IR35 (Intermediaries Legislation)

All umbrella companies should pay their workers via PAYE. This is why IR35 is not an issue for their employees. An individual with their own single person Limited Company (or personal service company), whose working practices put them outside of IR35 could draw dividends from their company. However that same individual whose working practices put them inside, would have to be paid a salary. This would be subject to income tax and both employee’s and employer’s national insurance contributions.

IR35 is not something that a contract can opt-out of; unlike the Conduct of Employment Agencies and Employment Businesses Regulations. It’s also not something that can be avoided by changing a contract.

The three main considerations with IR35 are:

Mutuality of Obligation

Is the worker obliged to accept the work offered and is the agency obliged to offer it?

Supervision, Direction and Control

Will the worker be supervised and given instructions on how to perform tasks or advised what work needs to be undertaken by a member of staff at the client site?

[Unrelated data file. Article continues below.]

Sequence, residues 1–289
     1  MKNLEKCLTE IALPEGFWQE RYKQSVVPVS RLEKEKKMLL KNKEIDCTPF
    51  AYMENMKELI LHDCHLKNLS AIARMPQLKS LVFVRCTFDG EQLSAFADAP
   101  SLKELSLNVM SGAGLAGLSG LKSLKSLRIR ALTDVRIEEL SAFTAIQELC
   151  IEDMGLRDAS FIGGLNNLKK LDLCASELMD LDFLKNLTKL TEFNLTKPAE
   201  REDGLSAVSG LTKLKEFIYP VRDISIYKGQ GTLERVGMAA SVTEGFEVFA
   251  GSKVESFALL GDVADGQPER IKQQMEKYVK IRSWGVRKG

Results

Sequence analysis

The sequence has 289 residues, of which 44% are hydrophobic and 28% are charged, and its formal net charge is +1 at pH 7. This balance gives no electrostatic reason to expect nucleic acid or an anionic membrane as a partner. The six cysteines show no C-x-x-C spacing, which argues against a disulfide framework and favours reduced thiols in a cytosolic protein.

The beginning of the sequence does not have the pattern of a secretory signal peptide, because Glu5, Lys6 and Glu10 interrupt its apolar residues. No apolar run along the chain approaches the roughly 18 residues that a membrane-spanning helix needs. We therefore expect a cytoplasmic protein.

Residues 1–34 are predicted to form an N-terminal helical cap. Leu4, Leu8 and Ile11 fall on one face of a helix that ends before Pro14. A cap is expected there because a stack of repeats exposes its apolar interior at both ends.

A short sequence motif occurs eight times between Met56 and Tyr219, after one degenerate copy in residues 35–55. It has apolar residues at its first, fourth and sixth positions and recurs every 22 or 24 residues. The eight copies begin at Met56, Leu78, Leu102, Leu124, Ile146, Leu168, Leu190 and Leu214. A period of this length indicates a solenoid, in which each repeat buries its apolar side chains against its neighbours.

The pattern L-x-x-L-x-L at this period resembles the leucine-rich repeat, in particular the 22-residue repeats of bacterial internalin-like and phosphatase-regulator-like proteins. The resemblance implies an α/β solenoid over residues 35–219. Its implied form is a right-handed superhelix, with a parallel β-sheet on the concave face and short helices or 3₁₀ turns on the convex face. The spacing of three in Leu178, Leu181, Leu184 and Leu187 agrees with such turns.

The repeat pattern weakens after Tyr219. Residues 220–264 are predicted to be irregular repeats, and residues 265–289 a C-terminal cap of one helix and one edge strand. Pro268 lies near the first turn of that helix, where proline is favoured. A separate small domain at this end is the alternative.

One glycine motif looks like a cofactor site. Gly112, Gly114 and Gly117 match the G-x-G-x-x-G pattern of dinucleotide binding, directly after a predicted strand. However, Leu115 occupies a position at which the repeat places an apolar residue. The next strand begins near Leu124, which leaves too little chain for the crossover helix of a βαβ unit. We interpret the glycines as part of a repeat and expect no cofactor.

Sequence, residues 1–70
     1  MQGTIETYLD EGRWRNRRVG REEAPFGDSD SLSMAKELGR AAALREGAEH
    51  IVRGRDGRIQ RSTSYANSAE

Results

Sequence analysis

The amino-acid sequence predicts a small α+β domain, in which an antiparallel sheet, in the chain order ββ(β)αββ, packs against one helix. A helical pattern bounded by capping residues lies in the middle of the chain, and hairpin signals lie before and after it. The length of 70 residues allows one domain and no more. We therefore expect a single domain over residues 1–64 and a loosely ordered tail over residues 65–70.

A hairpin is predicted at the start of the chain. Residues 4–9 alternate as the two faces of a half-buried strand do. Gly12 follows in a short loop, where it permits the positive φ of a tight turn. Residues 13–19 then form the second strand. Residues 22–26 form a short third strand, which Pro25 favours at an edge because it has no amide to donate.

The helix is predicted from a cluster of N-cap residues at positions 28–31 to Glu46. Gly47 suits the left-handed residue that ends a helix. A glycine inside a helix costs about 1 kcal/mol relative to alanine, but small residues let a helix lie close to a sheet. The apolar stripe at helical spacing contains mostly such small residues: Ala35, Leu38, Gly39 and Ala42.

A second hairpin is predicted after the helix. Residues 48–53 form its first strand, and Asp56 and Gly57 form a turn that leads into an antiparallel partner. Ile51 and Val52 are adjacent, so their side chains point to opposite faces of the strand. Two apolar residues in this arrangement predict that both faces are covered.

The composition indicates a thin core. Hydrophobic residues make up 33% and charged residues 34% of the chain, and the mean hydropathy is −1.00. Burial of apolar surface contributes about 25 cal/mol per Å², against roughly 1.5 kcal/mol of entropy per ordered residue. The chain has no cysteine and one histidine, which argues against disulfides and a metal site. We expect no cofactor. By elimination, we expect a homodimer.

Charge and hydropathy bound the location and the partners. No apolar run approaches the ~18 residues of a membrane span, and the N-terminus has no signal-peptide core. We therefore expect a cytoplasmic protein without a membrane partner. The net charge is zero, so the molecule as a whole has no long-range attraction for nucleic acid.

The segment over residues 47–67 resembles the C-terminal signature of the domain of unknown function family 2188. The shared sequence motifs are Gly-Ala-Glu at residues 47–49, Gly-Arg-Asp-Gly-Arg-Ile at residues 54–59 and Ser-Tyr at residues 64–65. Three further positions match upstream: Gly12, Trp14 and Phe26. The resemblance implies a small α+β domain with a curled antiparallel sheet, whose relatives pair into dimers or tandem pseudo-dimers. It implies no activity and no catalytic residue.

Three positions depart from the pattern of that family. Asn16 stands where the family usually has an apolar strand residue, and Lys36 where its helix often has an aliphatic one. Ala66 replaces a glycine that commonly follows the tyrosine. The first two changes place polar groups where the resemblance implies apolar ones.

Right of Substitution

Is the worker obliged to do the work themselves and do not have the option of sending in someone else to do the work instead.


If these answer to all 3 of these questions is ‘yes’, then the worker will almost definitely fall inside IR35.

HMRC have now introduced a series of tests for contractors which will allow them to assess whether or not they are at high, low or medium risk of failing an IR35 investigation. They are referred to as Business Entity Tests.

From 2014, all Limited Company (PSC) workers will have to declare their IR35 status on their self-assessment forms; if they declare that they are outside then HMRC will automatically demand proof. This ensures that HMRC have a constant supply of companies for investigation without having to go looking for them!

Public sector workers will also have to prove their IR35 status to the satisfaction of the client if they secure a contract of more than 6 months duration and for more than £220.00 per day.